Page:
The average life span in India has increased almost three times since 1901, when it was only 23 years. Today it is estimated to be nearly 70 years. With the increase in years, the number of diseases among the senior citizens has also increased. One cause of poor health in the old age is the sedentary lifestyle. This is especially true for city dwellers.
Specialists attribute premature aging and ill-health in old age to disuse syndrome. People are bound to lose the part of the body that they do not use. In the absence of physical activity, muscles weaken, bones become brittle and vital organs become vulnerable to diseases, thus leading to mental sickness. Sick persons consider sunset years a bane rather than a boon.
Aging is natural. An average person loses about 3 kg of muscle in each decade after young adulthood. The metabolic rate declines by 2% per decade after the age of 20. The ratio of muscle to fat is doubled between the age of 20 and 65. By 65, the ability to use oxygen efficiently decreases by 40%. The blood pressure steadily increases and so does the cholesterol – HDL ratio. The body’s ability to maintain normal temperature is affected; so a person becomes vulnerable to both cold and hot weather. The body’s ability to use glucose in the bloodstream also decreases with age. Old persons lose strength because of the loss of muscles and motor nerves. This loss is significant in large muscles in thighs and in small muscle groups in other parts of the body.
The body’s tendency to double its fat and lose half its muscle mass by the age of 65 creates many problems of metabolism: fat is an energy-storage tissue, while muscle is an energy-spending tissue. Thus, by building muscles, old people can rejuvenate their psychology. Physical activity for them is as important as it is for the young.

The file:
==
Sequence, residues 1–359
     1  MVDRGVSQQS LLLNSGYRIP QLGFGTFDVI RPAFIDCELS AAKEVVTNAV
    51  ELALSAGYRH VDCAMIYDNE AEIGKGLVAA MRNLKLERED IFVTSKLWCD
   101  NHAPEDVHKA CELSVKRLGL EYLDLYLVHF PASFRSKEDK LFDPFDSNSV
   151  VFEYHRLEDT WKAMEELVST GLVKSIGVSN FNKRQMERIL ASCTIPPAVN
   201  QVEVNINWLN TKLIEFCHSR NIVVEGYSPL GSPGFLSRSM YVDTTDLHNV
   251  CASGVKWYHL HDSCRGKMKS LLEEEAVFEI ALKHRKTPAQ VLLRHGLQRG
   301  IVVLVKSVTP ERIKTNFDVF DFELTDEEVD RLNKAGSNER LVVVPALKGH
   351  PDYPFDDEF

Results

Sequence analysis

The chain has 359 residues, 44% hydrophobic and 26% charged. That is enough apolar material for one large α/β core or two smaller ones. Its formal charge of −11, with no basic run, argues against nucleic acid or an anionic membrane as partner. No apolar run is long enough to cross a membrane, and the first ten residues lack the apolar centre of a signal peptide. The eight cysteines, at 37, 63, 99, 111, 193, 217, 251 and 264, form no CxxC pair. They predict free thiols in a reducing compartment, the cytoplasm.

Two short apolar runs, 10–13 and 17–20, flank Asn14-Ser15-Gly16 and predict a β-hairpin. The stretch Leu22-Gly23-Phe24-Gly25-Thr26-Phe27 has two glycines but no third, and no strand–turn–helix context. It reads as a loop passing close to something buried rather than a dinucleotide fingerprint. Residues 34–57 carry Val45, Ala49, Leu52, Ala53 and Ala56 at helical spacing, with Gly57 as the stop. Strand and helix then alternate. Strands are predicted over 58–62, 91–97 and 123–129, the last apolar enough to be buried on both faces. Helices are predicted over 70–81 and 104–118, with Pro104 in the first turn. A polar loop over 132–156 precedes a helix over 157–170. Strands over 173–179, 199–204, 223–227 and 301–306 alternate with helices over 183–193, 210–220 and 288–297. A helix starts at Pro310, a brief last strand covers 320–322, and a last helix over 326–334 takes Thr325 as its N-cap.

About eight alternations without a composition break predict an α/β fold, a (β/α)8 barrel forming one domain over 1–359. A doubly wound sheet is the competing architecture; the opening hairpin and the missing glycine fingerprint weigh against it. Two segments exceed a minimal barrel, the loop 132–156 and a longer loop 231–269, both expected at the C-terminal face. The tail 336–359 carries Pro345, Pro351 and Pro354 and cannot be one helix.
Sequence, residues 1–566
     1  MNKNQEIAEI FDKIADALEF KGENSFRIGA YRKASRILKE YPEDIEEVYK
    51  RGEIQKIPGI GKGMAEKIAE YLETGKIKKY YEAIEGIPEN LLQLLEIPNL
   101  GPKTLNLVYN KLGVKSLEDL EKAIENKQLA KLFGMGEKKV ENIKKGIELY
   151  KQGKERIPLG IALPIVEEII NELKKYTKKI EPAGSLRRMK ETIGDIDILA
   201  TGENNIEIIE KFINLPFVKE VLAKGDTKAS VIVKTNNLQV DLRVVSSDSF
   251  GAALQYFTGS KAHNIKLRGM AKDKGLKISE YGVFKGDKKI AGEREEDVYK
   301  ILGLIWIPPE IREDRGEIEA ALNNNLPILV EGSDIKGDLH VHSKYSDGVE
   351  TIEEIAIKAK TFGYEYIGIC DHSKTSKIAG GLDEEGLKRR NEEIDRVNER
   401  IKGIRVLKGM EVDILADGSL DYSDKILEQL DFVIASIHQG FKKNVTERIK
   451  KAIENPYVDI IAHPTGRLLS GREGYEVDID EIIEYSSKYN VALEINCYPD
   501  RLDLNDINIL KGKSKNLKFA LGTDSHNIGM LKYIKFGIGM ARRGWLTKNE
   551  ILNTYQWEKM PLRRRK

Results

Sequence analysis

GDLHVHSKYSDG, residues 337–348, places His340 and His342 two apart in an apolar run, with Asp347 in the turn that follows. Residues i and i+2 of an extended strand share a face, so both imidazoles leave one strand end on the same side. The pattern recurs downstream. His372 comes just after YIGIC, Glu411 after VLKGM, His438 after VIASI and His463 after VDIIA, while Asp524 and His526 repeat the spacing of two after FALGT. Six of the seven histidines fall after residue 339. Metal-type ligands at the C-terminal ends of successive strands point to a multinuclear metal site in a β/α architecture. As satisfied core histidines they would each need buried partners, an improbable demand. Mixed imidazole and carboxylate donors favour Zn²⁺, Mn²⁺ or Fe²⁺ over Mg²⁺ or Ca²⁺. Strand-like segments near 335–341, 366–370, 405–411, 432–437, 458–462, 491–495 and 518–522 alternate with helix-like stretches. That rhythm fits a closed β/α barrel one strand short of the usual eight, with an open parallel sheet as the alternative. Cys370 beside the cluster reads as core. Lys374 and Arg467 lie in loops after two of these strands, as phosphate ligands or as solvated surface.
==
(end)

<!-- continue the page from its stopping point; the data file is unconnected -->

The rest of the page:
Laboratory experiments have demonstrated that even 95+ persons benefit from mild weight-training programmes. Physical fitness makes a person feel young and gives him a sense of well-being. In ancient times, people remained physically active throughout their lives. It was so in our villages till recently.
With rapid urbanisation, physical activity is on the decline. Modern gadgets have reduced physical activity even at our homes. Obesity among city women is common. Our cities lack facilities for physical activity. There are no walkways for pedestrians, no tracks for bicycle riders, no open places for players. There is a talk of smart cities these days. I hope the planners will pay attention towards providing facilities for people of all ages to engage in physical activities.
It is never too late to be physically active. Fauja Singh became a marathon runner in his 90s, Bernard Shave bicycled in his 60s, Leo Tolstoy enjoyed horse riding in his 70s, and some centenarian yoga gurus in India are excellent demonstrators of asanas. Even at home, there are many opportunities to exercise muscles, such as getting out of a chair without using armrests, curtailing use of remote, climbing stairs and watering the plants in the kitchen garden.
I would like to share with the readers the experience of the eminent economist Dr SS Johal. He was confined to a wheelchair due to knee pain. The best medical care could not give him relief. Someone told him that the trouble was not in the knee joint but in the weak thigh muscles. He started a simple exercise to strengthen these muscles. One should stand erect, stretch one’s arms and sit down slowly on one’s feet and then stand up in the same manner. This simple exercise has cured him completely of the debilitating disease.